If you wish to help support the ongoing costs of running this blog and you haven't purchased anything through Amazon on this site, please consider a small donation to defray basic costs. It isn't free to me to keep this site current. I have to pay for bandwidth, costs of duplicating documents when they exist only in paper form, and keep printer ink around to read lengthy documents, and the time to do the research. Thank you. Marc Feldesman, site owner and publisher.
Oregon PERS Information is Copyright Marc R. Feldesman (c) 2003 - 2018 All Rights Reserved. Posts may not be reprinted without prior consent.

Please don't post your comments more than once. I moderate all comments and a delay between posting and appearing is part of the drill here. I get to all comments in due time. Please don't continually repost the same comment. Only one will be posted. Thank you.

Saturday, November 18, 2006

Donkey Town

Lots of reasons to call Portland "Donkey Town" (in a deliberately pejorative sense). The Oregonian and its lead PERS donkey, Betsy Hammond, really do suffer from an incredible bias, which is shown every time Ms. Hammond writes anything about PERS. Compare the Oregonian headline (from today's edition) "Schools' 2007-08 rates for PERS at record high", with the Salem Statesman Journal's headline for the identical subject "Lower PERS rates mean most public agencies will see savings". Ms. Hammond always focuses on the "half empty" glass, while others seem to see the "half-full". Now, just to prove that it isn't just the headline that is biased, consider a couple of internal quotes in the Oregonian article: "This is great news", quoting Mike Pittman, PERS Board chair, and "Overall, those two developments [huge returns, court upheld reforms] mean that state, local school districts and local governments are saving a collective $600 million or more per year...", and finally "Portland Public Schools will pay almost nothing in retirement costs apart from debt payments it must make on pension bonds it sold". I'm having a hard time reconciling the unfathomly biased headline with the actual news reported. Of course, Ms. Hammond manages to find a way to stick the knife in yet again - as if she has some sort of weird defect that causes her to repeat this same fact again and again regardless of the context - that *some* (about 4.5% of ALL) retirees from 2000 - 2004 managed to retire at more than their pre-retirement income. News flash to Betsy: "no shit Sherlock. Your investigative reporter skills are just awesome, dudette!".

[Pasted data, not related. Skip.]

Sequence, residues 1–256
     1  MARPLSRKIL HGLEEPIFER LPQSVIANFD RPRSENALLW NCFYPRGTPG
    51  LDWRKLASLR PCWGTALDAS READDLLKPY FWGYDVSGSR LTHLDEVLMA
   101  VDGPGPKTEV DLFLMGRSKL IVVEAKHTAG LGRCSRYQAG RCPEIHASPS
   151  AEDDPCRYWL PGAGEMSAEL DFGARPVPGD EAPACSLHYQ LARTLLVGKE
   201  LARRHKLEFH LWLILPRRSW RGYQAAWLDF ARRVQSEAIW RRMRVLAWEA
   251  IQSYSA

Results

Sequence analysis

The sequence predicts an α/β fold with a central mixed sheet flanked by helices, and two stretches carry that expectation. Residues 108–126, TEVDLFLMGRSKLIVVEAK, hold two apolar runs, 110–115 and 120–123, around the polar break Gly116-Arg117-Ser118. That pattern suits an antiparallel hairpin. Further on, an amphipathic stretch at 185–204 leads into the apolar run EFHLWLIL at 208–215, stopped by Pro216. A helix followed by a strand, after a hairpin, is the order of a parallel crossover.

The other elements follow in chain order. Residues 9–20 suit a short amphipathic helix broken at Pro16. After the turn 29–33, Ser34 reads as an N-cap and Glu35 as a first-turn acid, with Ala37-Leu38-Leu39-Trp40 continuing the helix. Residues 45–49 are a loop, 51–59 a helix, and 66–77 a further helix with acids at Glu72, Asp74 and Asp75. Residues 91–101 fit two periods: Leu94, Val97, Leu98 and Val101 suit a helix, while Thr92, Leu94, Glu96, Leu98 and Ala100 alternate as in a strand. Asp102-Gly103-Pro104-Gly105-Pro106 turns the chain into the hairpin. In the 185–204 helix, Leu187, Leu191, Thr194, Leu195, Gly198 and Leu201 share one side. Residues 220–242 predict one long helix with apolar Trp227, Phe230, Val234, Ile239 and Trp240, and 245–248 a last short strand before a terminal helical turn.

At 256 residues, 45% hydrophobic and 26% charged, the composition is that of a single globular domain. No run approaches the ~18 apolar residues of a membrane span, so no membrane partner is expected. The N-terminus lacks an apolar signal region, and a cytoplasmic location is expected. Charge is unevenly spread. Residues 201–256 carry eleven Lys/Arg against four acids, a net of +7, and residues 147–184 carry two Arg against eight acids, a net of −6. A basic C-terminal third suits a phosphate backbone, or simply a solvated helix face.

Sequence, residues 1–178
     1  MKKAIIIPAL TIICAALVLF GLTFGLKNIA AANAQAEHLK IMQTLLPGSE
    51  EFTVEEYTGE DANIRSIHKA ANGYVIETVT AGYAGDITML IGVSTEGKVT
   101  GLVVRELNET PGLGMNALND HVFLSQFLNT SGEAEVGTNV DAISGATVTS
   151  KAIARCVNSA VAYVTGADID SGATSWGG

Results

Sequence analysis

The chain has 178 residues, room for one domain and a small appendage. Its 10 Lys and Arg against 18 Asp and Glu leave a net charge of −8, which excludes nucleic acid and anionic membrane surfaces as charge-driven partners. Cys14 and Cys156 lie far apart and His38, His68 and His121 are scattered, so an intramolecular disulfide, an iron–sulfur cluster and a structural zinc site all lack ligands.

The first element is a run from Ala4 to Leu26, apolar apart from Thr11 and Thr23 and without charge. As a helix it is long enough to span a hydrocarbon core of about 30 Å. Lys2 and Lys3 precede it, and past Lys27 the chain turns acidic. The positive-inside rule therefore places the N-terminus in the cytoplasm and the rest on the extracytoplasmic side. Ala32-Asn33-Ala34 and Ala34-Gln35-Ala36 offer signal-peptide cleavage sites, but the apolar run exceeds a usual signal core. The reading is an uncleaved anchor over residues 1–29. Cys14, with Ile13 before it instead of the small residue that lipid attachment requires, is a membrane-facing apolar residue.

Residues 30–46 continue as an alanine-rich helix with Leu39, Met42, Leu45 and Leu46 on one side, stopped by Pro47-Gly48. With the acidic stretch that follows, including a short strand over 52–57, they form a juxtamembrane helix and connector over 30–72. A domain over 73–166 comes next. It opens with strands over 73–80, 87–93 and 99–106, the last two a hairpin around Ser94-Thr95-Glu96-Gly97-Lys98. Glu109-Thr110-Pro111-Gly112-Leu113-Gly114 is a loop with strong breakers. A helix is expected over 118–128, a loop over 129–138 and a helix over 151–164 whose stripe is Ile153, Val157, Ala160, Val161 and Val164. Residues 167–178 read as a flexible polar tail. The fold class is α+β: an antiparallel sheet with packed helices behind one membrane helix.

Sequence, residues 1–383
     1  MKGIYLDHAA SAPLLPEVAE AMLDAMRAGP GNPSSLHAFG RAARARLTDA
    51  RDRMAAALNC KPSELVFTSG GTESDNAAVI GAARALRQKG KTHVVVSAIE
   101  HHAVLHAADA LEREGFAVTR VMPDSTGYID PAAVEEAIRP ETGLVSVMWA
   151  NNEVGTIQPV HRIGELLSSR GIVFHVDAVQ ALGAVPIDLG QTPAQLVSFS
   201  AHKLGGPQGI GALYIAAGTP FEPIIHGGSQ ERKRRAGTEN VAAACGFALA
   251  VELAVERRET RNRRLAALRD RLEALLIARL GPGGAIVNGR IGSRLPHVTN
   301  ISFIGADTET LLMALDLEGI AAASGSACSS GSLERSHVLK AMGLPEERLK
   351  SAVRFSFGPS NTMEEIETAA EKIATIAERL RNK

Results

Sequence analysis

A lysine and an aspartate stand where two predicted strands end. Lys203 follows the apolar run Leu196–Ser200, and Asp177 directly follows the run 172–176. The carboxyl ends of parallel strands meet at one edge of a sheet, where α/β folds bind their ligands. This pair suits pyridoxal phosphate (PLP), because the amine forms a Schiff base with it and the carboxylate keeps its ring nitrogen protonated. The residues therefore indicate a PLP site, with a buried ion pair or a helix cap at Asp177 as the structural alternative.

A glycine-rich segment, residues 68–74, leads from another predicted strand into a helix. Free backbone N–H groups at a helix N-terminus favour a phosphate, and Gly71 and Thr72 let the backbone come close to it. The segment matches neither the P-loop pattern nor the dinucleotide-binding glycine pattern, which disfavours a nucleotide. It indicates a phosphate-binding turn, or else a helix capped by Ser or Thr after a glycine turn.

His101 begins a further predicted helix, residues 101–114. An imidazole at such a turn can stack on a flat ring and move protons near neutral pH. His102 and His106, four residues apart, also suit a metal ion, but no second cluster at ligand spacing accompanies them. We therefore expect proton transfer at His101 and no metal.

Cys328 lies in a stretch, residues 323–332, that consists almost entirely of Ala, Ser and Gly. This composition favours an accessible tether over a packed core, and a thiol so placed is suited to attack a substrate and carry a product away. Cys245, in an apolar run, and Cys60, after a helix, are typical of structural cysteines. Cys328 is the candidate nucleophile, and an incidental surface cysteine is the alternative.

Oh well, we really can't expect much better from the Oregonian. With few exceptions, their reporters repeatedly demonstrate that the concept of "journalistic bias" is axiomatic. No wonder the common nicknames for the Oregonian are the BOregonian and, better still, the WHOregonian. Richly deserved for Donkey Town's asinine "newspaper".

No comments: